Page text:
Hole in the Clouds
Oct 19, 2011
At about one o'clock in the morning of July 1, 2011, Manuel Claro pointed his camera up at the night sky above Alentejo, Portugal, and opened the shutter for 30 seconds. Then he did the same thing again and again and again, 430 exposures over the next four hours, and combined all the images to create this picture.
During each 30-second exposure, the earth rotated a little, while the stars pretty much stood still (by comparison). So the image of each star is smudged as the camera moves a bit; when all 430 of the smudges are shown together in a single image, we see what looks like startracks but is actually a single earthtrack, circling Polaris, the North Star.
The different colors of the different startracks reflect differences in temperature of the various stars.
(Image credit: Miguel Claro)
Sep 2, 2013
Japan's Mount Fuji, just before dawn.
This is a pretty spectacular photo, with the features of an iconic landscape dwarfed by a skyful of stars and clouds and hints of daylight. Modern cameras can capture this sort of scene more or less routinely if they are set up to stare into the night, lens wide open, without blinking or moving for, in this case, twenty seconds.
The human eye could drink it in at a glance, if only we were there. But we weren't there, sadly. This morning, we must make do with the picture, and fortunately it's a picture that rewards a slowly wandering eye with pleasant little discoveries in the realms of shadow and glow, detail and hulk, pattern and emptiness.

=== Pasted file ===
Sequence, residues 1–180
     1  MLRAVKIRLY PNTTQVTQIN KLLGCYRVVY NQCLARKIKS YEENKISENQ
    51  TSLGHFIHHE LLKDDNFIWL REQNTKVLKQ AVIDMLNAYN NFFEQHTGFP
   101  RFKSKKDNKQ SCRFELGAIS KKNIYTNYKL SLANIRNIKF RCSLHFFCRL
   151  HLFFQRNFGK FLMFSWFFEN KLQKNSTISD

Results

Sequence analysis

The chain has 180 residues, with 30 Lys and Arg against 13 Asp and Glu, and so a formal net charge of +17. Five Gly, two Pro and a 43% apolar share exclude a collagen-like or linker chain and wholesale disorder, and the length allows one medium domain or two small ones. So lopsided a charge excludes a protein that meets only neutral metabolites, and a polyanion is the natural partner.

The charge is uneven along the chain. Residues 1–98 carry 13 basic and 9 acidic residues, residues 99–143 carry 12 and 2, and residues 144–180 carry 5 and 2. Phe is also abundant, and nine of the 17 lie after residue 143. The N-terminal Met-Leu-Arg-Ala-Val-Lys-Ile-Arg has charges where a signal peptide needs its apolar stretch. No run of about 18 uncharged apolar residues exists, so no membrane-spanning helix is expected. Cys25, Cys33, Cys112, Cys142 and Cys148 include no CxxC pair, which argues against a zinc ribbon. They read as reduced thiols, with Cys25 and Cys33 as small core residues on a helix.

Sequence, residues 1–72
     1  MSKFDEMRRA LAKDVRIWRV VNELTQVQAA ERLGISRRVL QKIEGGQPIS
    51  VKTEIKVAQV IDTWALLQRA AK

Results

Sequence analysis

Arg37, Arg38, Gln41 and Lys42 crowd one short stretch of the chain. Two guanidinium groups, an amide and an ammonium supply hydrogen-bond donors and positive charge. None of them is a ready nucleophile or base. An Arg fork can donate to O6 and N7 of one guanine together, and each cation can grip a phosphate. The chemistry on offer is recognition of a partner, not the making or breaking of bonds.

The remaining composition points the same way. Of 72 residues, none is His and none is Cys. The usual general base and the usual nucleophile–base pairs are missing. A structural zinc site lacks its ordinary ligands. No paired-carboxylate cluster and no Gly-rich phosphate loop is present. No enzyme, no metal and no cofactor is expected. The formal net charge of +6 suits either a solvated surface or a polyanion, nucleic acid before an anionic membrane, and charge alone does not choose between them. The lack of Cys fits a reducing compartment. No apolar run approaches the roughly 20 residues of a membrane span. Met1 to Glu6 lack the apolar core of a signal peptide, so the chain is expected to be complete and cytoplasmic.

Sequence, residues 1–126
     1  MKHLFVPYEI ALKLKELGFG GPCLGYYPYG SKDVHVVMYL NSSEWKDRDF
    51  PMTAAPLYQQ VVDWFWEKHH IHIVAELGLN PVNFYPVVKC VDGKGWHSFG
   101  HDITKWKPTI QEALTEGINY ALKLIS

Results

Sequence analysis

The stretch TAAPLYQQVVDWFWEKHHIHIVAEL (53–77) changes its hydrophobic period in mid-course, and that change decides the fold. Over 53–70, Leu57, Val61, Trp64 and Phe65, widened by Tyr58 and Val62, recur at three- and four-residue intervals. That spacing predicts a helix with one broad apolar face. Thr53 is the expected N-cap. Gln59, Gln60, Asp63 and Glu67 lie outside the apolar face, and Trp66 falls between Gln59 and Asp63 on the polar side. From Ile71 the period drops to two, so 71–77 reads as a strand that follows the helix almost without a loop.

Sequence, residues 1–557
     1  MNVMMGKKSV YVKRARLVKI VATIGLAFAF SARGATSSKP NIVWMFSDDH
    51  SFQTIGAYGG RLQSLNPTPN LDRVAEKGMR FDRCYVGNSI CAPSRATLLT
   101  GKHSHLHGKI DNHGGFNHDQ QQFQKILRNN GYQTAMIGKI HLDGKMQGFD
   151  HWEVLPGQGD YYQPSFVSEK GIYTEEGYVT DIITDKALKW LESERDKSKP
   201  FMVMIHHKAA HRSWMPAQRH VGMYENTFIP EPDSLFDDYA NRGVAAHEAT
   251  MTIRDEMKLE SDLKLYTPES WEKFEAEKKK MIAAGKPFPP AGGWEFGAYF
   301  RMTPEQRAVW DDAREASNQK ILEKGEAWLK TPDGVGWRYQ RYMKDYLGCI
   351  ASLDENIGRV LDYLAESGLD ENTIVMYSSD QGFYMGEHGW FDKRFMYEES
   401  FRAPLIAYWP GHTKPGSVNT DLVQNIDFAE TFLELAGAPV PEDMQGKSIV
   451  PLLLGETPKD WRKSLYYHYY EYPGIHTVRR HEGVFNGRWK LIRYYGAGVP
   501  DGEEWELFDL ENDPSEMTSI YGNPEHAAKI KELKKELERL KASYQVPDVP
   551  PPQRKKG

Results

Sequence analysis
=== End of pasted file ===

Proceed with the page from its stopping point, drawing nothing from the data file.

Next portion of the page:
(Image credit: Hayato Ebihara)
Jul 27, 2014
(Image credit: Juan Jose Ferres)
Sep 10, 2014
Last month, Hank joined a group of Montanans climbing in the Andes, summiting above 18,000 feet in the middle of the Peruvian winter. They were closer to the Milky Way up there.
(Image credit: Ben Adkison)
Feb 11, 2018
Three lights in the night create this image: firelight, starlight, and a glowing streak of human brilliance.
The human-powered light is the silvery streak at lower left, created by the photographer's brother, who was cycling along a mountain-bike trail in the high prairies of central Italy's Appenine Mountains. Either the cyclist wore a headlamp, or his bike was outfitted with a headlamp. The camera lens stayed open for almost half an hour–27 minutes–to preserve the track of the route.
The firelight near the lower right of the picture was from the village of Tornimparte, in the valley far below the hillsides we see here. The photo was taken in mid-August, on the night following the Feast of the Assumption, when bonfires mark the end of the summer harvest.
The starlight notably features the Milky Way, which the photographer said he'd never seen before. The reason he'd never seen it before might be visible in the part of the sky just over the horizon behind the village bonfires. The night sky looks pale back there, with fewer stars visible to the eye–perhaps because of distant light pollution emanating from the Roman metropolis about sixty miles to the northwest.
If you click on the photo and study the enlarged version–yes, life is short, but go ahead, waste a few moments fussing with a pretty picture–you may be able to see that the stars are not pinpoints of light but short little line segments, almost like tiny bits of the bicycle's light trail. In this case, however, it's not the stars so much as the earth that's moving; 27 minutes is such a long exposure time that the earth spins through almost 2% of its daily rotation, leaving little streaks of starlight as the camera and the mountains and the bicycle all move through the night.
Feast of the Assumption
Piano di Campo Felice
(Image credit: Francesco Barnes via The Image Story)